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Home News Power Sector News FinMin, RBI rule out refinancing bad loans of State power discoms

FinMin, RBI rule out refinancing bad loans of State power discoms

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PMThe Finance Ministry and the Reserve Bank of India have turned down the Power Ministry's proposal seeking refinance of Rs 1.95 lakh crore accumulated losses incurred by State electricity distribution companies (discoms). The losses include loan repayments, pending subsidy receipts and payment to power producers, among others. The high utility losses are because of low tariff hikes, rising burden of fuel prices and non-receipt and delayed subsidy payment from States. The aggregate annual loss of the utilities before subsidy increased at 33 per cent annually.

"The Finance Ministry and the RBI clearly said that refinancing of such debt is not viable as it will increase non-performing assets (NPAs) of banks and other financers. In the current economic scenario, banks are not in a position to carry additional NPA burden," a Government official told Business Line. Meanwhile, the Power Ministry, along with Planning Commission and RBI, is brainstorming over several options to give these discoms a new lease of life. Among the options being discussed are refinancing of loans, issue of bonds by discoms to cover up to 50 per cent of debt and the possibility of State governments sharing a part of the burden.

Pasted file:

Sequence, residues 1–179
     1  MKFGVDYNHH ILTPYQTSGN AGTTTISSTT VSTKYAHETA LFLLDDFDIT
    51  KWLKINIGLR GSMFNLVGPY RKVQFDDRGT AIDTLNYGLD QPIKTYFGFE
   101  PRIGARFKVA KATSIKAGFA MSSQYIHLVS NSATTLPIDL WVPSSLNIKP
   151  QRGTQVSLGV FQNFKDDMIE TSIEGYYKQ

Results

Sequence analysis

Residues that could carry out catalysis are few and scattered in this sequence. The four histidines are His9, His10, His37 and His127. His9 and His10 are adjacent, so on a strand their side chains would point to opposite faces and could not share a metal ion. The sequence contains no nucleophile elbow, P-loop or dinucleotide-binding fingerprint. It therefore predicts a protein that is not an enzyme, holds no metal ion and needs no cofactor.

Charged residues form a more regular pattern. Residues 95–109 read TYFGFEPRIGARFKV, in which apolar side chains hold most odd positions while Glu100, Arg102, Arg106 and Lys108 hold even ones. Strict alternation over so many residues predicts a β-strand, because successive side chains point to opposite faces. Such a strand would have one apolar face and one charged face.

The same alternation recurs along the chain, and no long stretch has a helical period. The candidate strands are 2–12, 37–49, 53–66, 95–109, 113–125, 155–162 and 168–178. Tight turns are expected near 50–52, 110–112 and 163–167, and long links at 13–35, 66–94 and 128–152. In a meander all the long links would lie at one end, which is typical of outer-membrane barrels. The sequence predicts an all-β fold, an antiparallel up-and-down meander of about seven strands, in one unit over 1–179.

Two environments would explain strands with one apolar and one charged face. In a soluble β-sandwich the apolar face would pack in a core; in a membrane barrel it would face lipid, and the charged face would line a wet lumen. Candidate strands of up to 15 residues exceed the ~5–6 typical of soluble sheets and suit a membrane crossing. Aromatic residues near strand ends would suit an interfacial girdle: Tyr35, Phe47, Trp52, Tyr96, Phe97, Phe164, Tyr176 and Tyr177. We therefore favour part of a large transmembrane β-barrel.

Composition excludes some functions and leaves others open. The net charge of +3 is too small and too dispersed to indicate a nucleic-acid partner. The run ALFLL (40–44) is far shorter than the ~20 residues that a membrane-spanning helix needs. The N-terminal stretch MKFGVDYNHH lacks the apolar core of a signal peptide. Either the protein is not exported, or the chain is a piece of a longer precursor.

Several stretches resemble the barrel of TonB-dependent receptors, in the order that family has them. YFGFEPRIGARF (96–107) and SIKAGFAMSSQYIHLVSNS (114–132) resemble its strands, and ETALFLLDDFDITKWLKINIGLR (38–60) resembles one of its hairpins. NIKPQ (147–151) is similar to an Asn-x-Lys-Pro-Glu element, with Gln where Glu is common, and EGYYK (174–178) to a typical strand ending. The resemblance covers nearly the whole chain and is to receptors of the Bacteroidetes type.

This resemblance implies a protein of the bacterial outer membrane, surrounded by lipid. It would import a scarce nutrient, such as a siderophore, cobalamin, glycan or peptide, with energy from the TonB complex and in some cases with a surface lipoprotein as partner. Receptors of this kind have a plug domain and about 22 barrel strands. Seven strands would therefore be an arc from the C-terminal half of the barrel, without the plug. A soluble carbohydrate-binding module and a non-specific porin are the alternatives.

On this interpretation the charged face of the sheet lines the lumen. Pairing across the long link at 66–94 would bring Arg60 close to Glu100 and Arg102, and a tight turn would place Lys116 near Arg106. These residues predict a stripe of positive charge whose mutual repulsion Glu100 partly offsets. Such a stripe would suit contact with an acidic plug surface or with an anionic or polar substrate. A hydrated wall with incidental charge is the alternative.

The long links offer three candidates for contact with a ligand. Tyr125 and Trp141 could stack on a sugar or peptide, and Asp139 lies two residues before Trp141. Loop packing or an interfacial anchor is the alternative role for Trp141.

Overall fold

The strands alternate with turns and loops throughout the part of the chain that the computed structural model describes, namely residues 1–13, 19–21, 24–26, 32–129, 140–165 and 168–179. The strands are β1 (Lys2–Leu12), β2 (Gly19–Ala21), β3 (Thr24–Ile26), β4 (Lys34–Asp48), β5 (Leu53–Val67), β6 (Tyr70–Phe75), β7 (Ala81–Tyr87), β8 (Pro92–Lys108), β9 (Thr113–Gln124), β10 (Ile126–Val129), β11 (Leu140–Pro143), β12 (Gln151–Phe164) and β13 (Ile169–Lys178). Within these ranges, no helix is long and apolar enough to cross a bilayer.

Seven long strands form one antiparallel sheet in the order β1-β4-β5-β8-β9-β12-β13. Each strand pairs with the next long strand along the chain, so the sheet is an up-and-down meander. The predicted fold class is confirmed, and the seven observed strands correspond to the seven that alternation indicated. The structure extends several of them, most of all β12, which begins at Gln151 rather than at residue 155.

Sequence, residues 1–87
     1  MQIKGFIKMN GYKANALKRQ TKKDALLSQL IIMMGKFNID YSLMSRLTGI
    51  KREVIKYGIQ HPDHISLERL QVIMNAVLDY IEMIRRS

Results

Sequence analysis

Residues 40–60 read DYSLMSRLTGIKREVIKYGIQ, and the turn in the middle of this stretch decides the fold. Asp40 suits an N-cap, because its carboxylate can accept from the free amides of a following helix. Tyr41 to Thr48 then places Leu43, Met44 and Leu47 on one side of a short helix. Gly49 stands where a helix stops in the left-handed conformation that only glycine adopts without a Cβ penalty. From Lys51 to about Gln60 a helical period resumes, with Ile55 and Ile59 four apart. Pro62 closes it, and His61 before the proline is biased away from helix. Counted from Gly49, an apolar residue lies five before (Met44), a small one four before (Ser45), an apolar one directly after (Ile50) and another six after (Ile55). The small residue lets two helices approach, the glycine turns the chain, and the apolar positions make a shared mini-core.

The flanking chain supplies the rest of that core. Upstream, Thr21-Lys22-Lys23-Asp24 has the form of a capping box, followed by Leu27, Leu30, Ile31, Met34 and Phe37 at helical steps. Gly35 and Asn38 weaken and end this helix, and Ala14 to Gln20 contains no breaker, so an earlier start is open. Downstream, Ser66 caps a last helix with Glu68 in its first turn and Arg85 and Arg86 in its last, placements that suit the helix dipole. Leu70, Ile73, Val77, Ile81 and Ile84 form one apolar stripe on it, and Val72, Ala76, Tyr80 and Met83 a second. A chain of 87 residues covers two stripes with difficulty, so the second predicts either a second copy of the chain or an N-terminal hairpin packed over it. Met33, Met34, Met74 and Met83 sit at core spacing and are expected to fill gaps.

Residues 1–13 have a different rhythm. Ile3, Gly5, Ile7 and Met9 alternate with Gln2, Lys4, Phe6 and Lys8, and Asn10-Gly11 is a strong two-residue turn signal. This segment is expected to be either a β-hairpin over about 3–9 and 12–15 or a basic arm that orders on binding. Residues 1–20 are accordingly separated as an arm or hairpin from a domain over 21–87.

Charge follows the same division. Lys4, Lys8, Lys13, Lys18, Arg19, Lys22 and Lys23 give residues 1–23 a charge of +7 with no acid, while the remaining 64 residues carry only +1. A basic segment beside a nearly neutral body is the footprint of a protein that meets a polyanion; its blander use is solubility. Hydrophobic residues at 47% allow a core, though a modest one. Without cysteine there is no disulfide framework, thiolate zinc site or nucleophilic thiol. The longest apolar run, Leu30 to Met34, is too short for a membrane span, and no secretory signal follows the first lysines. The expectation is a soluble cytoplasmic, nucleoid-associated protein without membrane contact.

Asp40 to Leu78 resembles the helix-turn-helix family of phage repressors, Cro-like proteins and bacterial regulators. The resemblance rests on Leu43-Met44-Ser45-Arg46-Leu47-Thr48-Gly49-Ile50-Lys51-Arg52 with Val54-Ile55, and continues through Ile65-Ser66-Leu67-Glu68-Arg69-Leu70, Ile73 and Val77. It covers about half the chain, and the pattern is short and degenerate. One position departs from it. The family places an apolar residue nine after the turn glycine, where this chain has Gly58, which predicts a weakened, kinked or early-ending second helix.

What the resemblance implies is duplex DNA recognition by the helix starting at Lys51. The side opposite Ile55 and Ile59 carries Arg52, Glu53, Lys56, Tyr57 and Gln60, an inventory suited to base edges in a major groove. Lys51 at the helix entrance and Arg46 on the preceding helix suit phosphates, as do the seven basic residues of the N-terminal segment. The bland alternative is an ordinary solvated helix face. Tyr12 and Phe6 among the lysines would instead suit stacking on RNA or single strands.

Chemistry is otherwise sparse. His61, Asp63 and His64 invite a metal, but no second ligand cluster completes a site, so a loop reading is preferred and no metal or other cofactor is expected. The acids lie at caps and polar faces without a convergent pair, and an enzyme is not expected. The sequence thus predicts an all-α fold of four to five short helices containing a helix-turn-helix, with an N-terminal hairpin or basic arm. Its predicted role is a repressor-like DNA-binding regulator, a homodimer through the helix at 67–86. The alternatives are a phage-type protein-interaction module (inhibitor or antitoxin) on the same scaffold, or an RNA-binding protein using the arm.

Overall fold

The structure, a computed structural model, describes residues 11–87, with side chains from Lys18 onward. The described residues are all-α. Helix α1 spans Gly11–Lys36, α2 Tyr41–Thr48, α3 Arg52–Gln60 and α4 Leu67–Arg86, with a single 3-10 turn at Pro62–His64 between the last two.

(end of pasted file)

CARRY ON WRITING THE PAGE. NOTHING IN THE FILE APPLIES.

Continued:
"We are reviewing various proposals, but nothing has been finalised yet," the Power Secretary, Mr P. Uma Shankar, said.

The Prime Minister, Dr Manmohan Singh, recently held a review meeting and asked the Power Minister, Mr Sushilkumar Shinde, to chart out a bailout package for discoms at the earliest to prevent power cuts across the country.

The State electricity distribution companies, heavily in debt, are unable to buy additional electricity to meet peak summer demand, which is leading to long hours of power cuts across the country.

"The total losses have touched nearly Rs 1.95 lakh crore. Rajasthan, Uttar Pradesh, Punjab, Haryana, Tamil Nadu and Andhra Pradesh share most of the loan burden," the official said.

Experts, however, see a tariff hike as a possible measure. "The key reform would be to devise a mechanism to enable an automatic pass through of fuel price increases to power tariffs," said Mr Razak Khatri, Director of Crisil Infrastructure Advisory.

Fuel costs accounted for about 48 per cent of the total purchase cost growth for power utilities over the last six years. Over the next five years, Crisil Infrastructure Advisory estimates that fuel costs will account for about 54 per cent of the total power purchase cost growth for the utilities.

Source- Hindu


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